What is it and how do I get it?
Search engine optimization is the practice of working to enhance the capability of a site’s pages to rank high in the search engine results pages for keywords. Search engine optimization can and should be done both “onsite” and “offsite”.
All pages that feature keywords and content that are likely to produce traffic should be crawlable by the search engine robots. How pages are interlinked is very important from a user perspective because you want people that click on a link to arrive at a suitable page. For example, a link titled, “3 Bedroom Homes” should point to a page with 3 bedroom homes as an example. How pages are interlinked is very important for the search engines so the relationship between pages can be understood. Inter-site links also distinguish the hierarchy of pages which indicates page prominence to search engines.
Minimal link depth (how many clicks does it take to get to internal pages) is also a factor in search engine optimization. Using flat website architecture is ideal because it’s easier for users to navigate and for the search engines bots to crawl. Most importantly, having every page optimized for a different but semantically connected keyword greatly increases your chances for gaining web traffic overall.
Keyword usage within the content of your web pages should be kept to a minimum. Use the same key phrase that is in your page title at least once in your article to support the page title and include a few variations of the term as well but stay away from forcing keywords in. It’s very easy to come up with content that is not keyword stuffed but still relevant to the page when you take employers, schools, park lands, new construction and master planned community information into account. A minimum of 600 words of content per page is recommended.
Meta keyword tag stuffing went the way of the dinosaur so don’t spend a lot of time on this. Meta descriptions however are very important because Google may use this information to pull as a snippet to explain what a particular page is about on the search engine results page. Meta descriptions can also entice a click-through on your result if the description says something compelling.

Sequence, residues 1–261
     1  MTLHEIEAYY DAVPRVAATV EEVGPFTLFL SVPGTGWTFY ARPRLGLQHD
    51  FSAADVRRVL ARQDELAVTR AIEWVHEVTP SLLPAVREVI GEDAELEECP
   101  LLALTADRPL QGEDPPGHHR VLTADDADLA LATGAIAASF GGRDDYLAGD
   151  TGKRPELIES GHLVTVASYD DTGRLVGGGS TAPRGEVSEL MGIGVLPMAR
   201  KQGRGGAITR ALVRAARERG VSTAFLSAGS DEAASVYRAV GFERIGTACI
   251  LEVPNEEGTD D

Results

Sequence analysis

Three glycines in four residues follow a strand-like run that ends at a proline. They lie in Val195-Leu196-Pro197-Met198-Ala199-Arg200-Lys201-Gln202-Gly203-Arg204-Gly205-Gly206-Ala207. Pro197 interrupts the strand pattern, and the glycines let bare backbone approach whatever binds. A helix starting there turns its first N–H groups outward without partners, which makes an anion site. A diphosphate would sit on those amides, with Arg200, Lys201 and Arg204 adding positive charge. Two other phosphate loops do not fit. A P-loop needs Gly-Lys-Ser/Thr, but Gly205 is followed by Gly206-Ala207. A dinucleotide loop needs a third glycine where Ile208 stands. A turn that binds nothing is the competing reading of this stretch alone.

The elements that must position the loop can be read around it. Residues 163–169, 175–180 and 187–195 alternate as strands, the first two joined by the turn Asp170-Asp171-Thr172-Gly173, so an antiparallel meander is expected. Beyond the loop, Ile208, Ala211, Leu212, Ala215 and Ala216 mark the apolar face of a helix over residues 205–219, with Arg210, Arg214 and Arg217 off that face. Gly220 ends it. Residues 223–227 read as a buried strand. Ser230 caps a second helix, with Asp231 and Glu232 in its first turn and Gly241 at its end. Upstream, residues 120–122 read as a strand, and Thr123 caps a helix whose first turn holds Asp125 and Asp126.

Off-site optimization has always been an integral part of ranking web pages for keywords. Off-site optimization typically results in links that point to pages on a web site from pages on separate root domains. These are also known as backlinks. Prior to the algorithm filter known as Penguin, the raw numbers of backlinks pointing to a site could manipulate ranking. Post-Penguin, raw numbers can get you in a lot of trouble particularly if you have a great deal of exact match anchor text links that use your “money” keywords such as [City] Homes for Sale or [City] Real Estate.
The Internet neighborhoods where you get your links also matter. If the bulk of backlinks that point to your site are from low authority, low quality and generic neighborhoods, this could be a spam flag to search engines. Long gone is the day when the sheer volume of links was a top ranking factor. Quantity can still have a positive impact but it’s the how, what, and where that is primarily taken into account.
Backlinks that originate from reputable and authoritative sites are the most valuable. An authoritative site is one that has developed a high trust factor with the search engines due to popularity and longevity. Since real estate websites are typically commercial in nature, real estate professionals should make the most of social profiles and sharing, blog posting, and developing a persona as an authority in the field.
A few links from reputable sources hold the same value as hundreds of low quality, low relevance backlinks from an automated source. Furthermore, using automated or spammy techniques to gain back links is likely to get a website manually or algorithmically penalized.